On Monday morning, coming off multiple days of protests against police brutality and racism around the world, Armstrong boys basketball coach Darryl Watts reached out to three fellow coaches in the area.
The group included St. Christopher’s assistant boys basketball coach Stephen Lewis, John Marshall boys basketball coach Ty White and Luqman Jaaber, a former standout at Virginia Union who later coached the team (2011-14).
On Watts’ mind were the players they serve. They could, at some point, find themselves in a situation where they have to interact with police.
What could coaches do to support and help?
Lewis set up a Zoom meeting for Tuesday afternoon, which featured about 20 coaches in the area.
Among the topics discussed were the desire to provide a voice for their players and an outlet for them to express themselves. They want to help teach them how to handle interactions with police, and deal with the trauma that can come from watching instances of police brutality, like the killing of George Floyd.
A first leap will come Saturday at 11 a.m., in the form of a peaceful protest for coaches at the Arthur Ashe statue on Monument Avenue.
“I think it’s important that, although we compete, that when we step away from the courts and the fields, that we provide a united front for our kids to confront such issues as what’s going on now. Inequality and police brutality and other social issues,” Watts said. “We all represent our schools, but at the end of the day, we’re one.”
Tuesday’s Zoom meeting lasted about an hour and featured mostly high school basketball coaches.
One objective was to formulate something they could do to show togetherness. They know they’re a group that interacts with many young people often — more than most.
“So we wanted to be able to show them that we’re coming together for them, to help give them a voice and to help basically tell them that we’re there for them, we’re there to help them through this time,” said Lewis, who at St. Christopher’s is also the assistant director of athletics, director of sports information, middle school activities coordinator and coach of the seventh-grade football and basketball teams. “A lot of this stuff is traumatic for them I’m sure. So we want to be able to be there for them, to listen to what they feel, how they feel about what’s going on.”
They established a group, called 804 Coaches for Change, to lead the charge in those efforts. In addition to Saturday’s protest, the coaches plan to have biweekly Zoom meetings and will put together programming for their kids on police interactions, among other topics.
“It will be something that we will collaborate on throughout the city, and as far as our youth go, to improve those areas,” Watts said.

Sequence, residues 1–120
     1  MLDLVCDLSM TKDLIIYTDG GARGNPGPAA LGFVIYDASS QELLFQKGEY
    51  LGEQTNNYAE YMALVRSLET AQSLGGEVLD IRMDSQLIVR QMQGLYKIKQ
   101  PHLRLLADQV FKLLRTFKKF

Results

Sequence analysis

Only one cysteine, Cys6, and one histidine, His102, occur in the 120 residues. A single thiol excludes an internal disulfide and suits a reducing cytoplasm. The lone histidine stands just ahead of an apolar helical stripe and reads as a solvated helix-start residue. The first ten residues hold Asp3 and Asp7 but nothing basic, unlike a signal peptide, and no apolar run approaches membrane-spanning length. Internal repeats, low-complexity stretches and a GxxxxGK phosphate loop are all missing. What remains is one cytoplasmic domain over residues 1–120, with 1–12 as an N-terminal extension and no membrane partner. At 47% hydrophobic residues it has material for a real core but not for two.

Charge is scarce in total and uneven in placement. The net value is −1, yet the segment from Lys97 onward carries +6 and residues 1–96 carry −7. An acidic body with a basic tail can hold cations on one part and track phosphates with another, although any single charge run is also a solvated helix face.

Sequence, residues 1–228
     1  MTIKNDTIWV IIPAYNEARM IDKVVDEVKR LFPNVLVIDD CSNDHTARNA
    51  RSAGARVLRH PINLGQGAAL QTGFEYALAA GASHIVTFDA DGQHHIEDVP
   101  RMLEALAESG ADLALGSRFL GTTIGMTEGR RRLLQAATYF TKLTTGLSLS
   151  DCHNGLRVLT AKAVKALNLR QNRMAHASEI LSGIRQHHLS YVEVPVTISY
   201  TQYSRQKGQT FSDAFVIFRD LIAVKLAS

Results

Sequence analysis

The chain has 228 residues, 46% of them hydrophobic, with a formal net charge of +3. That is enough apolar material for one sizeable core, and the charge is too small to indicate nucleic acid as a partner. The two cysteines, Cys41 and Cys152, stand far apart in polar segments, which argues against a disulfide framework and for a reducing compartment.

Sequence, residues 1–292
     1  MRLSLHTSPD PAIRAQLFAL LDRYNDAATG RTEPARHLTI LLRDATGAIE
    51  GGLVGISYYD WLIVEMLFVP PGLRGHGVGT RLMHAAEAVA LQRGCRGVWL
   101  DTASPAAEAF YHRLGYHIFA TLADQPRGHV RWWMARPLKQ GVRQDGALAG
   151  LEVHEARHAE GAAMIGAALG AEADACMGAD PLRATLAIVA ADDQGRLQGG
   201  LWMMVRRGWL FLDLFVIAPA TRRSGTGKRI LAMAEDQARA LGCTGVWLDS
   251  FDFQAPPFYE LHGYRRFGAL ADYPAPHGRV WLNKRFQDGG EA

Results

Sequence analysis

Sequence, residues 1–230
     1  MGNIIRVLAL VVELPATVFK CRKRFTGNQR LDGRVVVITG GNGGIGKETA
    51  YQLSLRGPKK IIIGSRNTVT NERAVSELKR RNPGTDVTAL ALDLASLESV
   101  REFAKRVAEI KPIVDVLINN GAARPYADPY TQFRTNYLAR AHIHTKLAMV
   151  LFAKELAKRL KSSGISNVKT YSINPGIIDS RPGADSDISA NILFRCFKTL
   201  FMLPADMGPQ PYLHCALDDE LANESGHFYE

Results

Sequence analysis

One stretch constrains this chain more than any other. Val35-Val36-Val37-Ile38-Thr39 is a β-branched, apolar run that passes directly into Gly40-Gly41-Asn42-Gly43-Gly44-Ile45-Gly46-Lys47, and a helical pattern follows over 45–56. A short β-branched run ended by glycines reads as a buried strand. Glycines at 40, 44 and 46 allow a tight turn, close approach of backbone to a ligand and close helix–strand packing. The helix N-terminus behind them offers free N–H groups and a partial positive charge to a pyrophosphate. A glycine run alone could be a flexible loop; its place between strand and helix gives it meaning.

Watts’ team dealt with a challenging incident earlier this year. In the Class 3, Region B championship game at Central Woodstock High School in Shenandoah County at the end of February, Armstrong players and cheerleaders were subjected to a racial slur, taunting and the presence of a Confederate flag.
One of Watts’ players had trouble sleeping in the game’s aftermath.
“I think, from my standpoint, by this coming on the heels of that and being so fresh, I think it encourages dialogue,” Watts said. “And it’s kind of a wake-up call.”
In the interests of health and safety, and with some school district-specific rules in place on coaches’ contact with players now, Saturday’s rally will be primarily coaches.
But there may be some college athletes there as well, Lewis said.
On Tuesday’s Zoom meeting, coaches were challenged to go back to their athletics directors to encourage coaches at each school to participate. Saturday’s protest is open to all coaches at all levels — invitations were sent to those at area colleges and universities as well.
The event will not include a march component, but dialogue at the Arthur Ashe statue. More details are to be finalized in a Thursday afternoon Zoom meeting.
“We want to talk about why we’re gathering, why we’re together — giving the players a voice,” Lewis said. “I think talking about police relations is going to be a big thing.”
To Lewis, the best thing the coaches group can do is to bridge the gap between young people and the police.
If they can have them be more comfortable, and not as fearful, it could play a part in helping the community, he said.
“Let’s come together and try to help each other, understand each other and stop the senseless killings of folks,” Lewis said.